BASW Statement: Social work unites to explore the future for the profession
BASW welcomes any government plans that will genuinely help in raising social work standards and is hosting a meeting of social work professionals, service users and other allied professionals on Thursday 21 January to examine the future of social work services. BASW launched its own 2020 Vision in June 2015.
Coming after Education Secretary Nicky Morgan’s announcement on 14 January of “big and bold” changes the event couldn’t be more timely.
Commenting on the announcement, BASW Chief Executive Bridget Robb stated: “The announcement contained both old and new information. The proposals for the specialist regulator will be met with mixed reactions since it is not so long ago that the government closed such a body (the General Social Care Council) to transfer everyone to the Health and Care Professions Council (HCPC). The government recently closed another organisation – The College of Social Work.”
Ms Robb went on to observe that the constant changes of government supported structures do not help the profession and she hoped the four regulators in England, Wales, Northern Ireland and Scotland would work closely together for the good of the public and the profession.
Ms. Robb continued, “At a time of massive change in the ways that services are delivered to the public and the challenges created by the cuts in public services, it seems a luxury to focus on the professional regulation and education structures yet again. – Of particular concern is the focus on Frontline and Step Up to Social Work and the inequity of funding between these and mainstream university courses.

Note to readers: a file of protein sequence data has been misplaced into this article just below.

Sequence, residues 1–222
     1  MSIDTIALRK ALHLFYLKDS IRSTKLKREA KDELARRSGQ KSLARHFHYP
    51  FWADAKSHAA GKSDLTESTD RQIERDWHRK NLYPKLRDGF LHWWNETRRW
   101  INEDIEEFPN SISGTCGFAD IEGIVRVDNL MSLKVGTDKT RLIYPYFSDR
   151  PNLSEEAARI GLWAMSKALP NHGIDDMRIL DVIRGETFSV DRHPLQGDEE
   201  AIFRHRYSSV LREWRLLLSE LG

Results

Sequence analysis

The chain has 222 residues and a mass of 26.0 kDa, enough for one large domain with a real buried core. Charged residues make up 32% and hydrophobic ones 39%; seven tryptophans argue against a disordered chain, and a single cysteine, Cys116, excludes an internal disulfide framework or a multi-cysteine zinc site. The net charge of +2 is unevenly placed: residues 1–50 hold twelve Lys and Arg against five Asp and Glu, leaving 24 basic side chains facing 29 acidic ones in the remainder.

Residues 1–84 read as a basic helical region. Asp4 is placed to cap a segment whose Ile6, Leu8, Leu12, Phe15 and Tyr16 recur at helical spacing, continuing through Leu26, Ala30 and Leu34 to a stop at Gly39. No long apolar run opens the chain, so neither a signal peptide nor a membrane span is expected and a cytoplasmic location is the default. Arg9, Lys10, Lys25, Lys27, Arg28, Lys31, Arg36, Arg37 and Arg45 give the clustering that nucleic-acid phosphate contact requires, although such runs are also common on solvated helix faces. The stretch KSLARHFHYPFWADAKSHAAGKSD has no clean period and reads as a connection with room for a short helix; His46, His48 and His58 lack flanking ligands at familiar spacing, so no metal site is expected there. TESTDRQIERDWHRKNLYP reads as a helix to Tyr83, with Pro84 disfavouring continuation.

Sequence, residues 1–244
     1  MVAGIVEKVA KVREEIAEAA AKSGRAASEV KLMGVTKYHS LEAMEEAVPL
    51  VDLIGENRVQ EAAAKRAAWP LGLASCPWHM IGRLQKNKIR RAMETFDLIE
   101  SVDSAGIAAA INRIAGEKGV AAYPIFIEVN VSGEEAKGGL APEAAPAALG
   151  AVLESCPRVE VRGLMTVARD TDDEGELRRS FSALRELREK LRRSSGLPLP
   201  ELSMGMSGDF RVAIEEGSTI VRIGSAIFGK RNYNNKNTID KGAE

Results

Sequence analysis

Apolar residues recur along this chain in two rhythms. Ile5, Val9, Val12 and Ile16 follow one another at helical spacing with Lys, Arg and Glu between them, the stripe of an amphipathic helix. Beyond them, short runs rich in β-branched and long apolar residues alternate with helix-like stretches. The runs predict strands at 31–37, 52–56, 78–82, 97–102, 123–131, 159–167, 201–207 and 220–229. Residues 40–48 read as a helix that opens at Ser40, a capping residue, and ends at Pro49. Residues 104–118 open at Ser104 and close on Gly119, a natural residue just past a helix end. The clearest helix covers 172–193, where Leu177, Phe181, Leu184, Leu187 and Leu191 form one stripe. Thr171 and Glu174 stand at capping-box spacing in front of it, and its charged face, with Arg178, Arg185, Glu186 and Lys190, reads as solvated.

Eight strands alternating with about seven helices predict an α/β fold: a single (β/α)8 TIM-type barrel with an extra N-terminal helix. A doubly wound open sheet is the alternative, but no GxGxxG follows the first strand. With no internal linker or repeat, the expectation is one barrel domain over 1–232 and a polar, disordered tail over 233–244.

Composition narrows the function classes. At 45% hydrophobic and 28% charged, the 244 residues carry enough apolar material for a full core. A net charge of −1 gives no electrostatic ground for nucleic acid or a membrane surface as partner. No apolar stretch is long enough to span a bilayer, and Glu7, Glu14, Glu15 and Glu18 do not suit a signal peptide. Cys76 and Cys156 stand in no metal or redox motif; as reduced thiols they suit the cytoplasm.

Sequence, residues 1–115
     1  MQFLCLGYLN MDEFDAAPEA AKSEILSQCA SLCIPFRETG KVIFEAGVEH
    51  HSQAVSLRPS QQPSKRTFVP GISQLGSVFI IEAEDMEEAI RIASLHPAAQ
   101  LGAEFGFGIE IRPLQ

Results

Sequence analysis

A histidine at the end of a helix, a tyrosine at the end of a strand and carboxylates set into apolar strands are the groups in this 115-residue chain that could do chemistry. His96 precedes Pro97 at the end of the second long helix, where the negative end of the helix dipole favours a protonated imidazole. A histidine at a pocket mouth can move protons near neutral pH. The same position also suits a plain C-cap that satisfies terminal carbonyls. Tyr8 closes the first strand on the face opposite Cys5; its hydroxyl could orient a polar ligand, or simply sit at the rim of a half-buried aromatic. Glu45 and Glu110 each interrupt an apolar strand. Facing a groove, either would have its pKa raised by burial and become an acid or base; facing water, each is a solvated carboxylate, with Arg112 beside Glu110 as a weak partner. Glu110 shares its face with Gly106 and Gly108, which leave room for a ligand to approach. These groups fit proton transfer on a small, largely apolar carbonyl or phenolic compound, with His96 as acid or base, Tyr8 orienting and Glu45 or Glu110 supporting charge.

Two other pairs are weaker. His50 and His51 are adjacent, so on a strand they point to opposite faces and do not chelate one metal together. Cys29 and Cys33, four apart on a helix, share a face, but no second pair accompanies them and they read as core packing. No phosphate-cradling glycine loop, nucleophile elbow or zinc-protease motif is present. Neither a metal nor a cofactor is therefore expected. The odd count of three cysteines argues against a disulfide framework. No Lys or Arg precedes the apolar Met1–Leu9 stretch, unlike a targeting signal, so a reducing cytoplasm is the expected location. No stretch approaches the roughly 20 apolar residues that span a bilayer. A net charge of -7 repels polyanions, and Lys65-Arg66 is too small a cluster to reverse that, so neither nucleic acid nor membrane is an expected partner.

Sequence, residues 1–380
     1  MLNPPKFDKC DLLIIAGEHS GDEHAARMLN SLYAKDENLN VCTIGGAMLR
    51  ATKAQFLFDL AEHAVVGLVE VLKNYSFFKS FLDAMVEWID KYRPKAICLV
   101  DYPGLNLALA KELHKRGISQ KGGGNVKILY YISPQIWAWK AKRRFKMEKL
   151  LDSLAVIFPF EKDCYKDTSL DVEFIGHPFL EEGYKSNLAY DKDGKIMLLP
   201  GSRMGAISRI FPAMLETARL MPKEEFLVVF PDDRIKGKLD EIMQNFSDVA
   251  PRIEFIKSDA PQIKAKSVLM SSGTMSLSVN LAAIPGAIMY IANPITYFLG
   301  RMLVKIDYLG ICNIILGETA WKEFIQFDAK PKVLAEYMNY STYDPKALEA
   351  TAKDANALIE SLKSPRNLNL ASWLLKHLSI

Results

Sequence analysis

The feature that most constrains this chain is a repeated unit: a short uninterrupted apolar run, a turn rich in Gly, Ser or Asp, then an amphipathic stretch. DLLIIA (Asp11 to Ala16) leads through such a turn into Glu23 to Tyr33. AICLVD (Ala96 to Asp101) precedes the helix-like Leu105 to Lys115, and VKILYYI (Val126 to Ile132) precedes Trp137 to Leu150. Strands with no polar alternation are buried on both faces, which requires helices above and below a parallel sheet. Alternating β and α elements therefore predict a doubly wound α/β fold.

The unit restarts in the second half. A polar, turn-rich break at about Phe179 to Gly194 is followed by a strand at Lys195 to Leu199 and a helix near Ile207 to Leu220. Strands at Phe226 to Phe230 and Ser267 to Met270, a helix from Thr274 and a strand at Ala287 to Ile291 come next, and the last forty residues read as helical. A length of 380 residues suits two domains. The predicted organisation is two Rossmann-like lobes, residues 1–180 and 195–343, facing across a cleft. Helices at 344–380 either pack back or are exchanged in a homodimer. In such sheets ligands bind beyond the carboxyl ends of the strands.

“Some of these proposals will require changes to primary legislation, so we know this is going to be a long process but we look forward to facilitating the debate about the future delivery of our services and our professional structures both at our meeting on the 21st and in the months to come in order to ensure users of services, social workers, and academics can work effectively together.”
The changes outlined by the Education Secretary include:
- The creation of a new regulatory body for social work to replace the current regulator the HCPC,
- Funding of up to £20 million for a new ‘What Works Centre’ of best practice examples,
- Changes to legislation to prioritise adoption as a permanence option for children in care, and
- Expansion of the Step Up to Social Work and Frontline training schemes.
The government outlined this five year plan within, Children’s social care reform: a vision for change, which also includes proposals for children and families social workers to be assessed against the Chief Social Worker for Children and Families’ Knowledge and Skills Statement.
The social work summit will enable the profession to come together to assess its position on the proposed reforms, and their impact on social workers, academics and the profession as a whole. A joint statement is planned on behalf of the profession, post-event.